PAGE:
Twitter: @ErikLundegaardTweets by @ErikLundegaard
Le Passé (The Past) (2013)
In Asghar Farhadi’s “Le passé” (“The Past”), we often see the thing before knowing what the thing means.
So a pretty woman, Marie (Bérénice Bejo), greets a man, Ahmad (Ali Mosaffa), arriving at the airport, with a smile and a wave, but he’s not her lover; he’s her estranged husband returning to sign the divorce papers. So her lover, Samir (Tahar Rahim of “Un Prophete”), lies in bed while she administers eyedrops to him. The next day, in by-the-way fashion, we discover he’s allergic to all the paint scattered around the house. So the oldest daughter, Lucie (Pauline Burlet), is distant and uncommunicative with her mother. The story behind that, with its many twists and turns, takes most of the movie to tell.
|Written by||Asghar Farhadi|
|Directed by||Asghar Farhadi|
We first see the thing, in other words, then we find out its past.
This is a beautiful movie, by the way. There are small, exquisite scenes. It all seems so simple. I kept wondering, “Why can’t other filmmakers make scenes that feel this real, this straightforward, this interesting?”
I’m thinking of an early scene. Ahmad arrives and expects to get a hotel room, but Marie is putting him up at her place. Is he thinking they’ll sleep together? One last time? But he finds out she’s living with a guy. Samir. He’s dropped into a situation. As are we.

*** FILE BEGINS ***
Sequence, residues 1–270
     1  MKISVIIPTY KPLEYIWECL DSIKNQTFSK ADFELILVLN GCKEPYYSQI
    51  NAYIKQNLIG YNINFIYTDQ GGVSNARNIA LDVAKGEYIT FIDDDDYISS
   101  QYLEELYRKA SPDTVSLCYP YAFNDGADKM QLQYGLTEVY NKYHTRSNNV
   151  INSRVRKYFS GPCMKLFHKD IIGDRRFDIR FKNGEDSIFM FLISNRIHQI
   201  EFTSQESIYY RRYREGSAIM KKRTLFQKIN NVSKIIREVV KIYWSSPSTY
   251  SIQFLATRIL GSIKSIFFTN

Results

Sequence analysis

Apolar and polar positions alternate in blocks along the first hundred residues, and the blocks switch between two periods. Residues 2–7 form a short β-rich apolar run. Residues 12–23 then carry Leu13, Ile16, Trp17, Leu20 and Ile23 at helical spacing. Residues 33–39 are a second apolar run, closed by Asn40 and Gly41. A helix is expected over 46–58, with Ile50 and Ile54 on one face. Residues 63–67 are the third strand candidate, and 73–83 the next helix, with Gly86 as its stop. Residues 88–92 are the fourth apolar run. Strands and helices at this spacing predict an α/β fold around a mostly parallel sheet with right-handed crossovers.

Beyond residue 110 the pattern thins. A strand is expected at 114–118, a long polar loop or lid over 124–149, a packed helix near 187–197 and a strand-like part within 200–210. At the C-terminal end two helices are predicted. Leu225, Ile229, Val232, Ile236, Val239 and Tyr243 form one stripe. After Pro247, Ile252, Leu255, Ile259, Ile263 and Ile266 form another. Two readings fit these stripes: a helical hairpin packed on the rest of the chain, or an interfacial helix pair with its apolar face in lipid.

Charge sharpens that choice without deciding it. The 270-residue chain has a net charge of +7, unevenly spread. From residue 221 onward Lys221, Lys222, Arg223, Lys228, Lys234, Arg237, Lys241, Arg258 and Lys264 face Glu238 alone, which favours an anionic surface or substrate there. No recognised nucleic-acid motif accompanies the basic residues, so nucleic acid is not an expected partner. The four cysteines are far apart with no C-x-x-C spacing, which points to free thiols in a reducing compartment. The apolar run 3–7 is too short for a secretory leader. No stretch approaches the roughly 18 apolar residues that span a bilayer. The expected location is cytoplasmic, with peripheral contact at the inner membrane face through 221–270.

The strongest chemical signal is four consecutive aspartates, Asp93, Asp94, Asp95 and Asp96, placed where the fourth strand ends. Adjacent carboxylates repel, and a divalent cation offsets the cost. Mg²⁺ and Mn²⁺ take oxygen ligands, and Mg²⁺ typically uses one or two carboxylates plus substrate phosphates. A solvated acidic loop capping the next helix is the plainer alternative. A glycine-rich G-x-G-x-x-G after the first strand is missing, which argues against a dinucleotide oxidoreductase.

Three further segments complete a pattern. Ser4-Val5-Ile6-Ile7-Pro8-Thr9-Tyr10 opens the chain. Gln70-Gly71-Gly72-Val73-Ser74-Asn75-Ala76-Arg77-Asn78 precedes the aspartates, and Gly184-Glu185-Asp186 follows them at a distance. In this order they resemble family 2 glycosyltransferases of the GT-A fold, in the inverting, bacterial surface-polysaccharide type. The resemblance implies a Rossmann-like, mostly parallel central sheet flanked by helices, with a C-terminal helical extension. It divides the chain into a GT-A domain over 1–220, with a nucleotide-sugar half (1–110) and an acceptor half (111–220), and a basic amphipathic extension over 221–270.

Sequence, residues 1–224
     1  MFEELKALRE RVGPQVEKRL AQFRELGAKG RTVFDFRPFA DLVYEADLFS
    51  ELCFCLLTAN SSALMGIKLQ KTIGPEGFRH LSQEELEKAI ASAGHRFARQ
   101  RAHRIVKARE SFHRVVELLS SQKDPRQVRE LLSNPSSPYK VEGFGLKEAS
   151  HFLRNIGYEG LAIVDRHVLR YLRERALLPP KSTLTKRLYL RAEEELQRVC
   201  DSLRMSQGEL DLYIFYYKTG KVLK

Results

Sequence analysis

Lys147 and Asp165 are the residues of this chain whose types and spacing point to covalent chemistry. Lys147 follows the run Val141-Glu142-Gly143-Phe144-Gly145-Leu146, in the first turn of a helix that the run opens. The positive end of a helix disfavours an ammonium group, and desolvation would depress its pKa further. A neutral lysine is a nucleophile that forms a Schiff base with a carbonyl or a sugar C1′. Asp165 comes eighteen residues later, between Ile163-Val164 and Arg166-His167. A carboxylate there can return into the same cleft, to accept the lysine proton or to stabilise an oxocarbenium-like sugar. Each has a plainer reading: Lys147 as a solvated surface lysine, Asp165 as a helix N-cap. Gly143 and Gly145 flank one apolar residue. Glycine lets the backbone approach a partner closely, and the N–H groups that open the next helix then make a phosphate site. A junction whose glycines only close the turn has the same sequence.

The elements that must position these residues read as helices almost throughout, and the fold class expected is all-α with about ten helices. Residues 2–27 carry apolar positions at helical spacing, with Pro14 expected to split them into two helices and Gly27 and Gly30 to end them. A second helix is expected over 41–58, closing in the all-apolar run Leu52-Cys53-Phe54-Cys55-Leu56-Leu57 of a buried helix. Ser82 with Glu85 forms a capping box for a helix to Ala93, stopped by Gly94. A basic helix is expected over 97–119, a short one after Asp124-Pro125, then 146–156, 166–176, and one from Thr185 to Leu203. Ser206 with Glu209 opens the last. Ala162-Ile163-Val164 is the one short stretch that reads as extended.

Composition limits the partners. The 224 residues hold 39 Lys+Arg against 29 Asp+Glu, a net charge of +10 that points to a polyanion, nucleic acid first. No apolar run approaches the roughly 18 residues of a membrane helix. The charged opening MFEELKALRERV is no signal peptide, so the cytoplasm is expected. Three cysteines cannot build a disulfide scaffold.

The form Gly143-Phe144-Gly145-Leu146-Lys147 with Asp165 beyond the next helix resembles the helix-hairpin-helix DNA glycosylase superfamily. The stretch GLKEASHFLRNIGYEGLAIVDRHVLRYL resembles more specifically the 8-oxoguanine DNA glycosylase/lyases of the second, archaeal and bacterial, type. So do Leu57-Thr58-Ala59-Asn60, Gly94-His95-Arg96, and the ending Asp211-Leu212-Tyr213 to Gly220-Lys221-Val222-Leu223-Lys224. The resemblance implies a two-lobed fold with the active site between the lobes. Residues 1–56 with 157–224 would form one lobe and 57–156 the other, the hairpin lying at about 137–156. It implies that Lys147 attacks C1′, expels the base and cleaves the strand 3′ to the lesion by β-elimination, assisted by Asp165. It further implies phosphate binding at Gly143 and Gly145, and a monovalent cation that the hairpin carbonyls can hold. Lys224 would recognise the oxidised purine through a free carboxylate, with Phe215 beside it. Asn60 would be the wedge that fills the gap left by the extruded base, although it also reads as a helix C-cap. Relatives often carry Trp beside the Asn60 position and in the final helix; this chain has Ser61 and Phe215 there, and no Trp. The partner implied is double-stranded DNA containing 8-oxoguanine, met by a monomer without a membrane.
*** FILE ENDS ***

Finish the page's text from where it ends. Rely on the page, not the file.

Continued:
There are two kids playing in her small yard: a boy and a girl. You expect them to squeal with delight when they see Ahmad but it takes a moment before the girl, Léa (Jeanne Justin), even realizes who he is; and even then the boy, Fouad (Elyes Aguis), just squints, frowns, doesn’t get it. But he doesn’t like it. This new man helps blowdry his mother’s hair? That seems ... wrong. (To us, too.) He has to move bedrooms to accommodate him? Fouad does so petulantly, dragging his blankets and pillows around, saying “What a pain.” Ahmad is gentle with him, though. He talks to him. By now we know Ahmad is not the boy’s father but it’s not until Fouad drags his pillow and blankets back downstairs and knocks over the paintcan in the hallway, and Marie blows up, chasing him around, that we find out she’s not his mother, either. “You’re not my mother!” he shouts. Then she leaves for work at a pharmacy and Ahmad is left to clean up both messes: the physical and the metaphoric. He does so with calm and grace. He gives the boy the one thing he doesn’t have: power and control. “Is it because I’m here?” he asks, about the acting out. “Do you want me to leave?” he asks. There’s a pause. Then Fouad quietly shakes his head.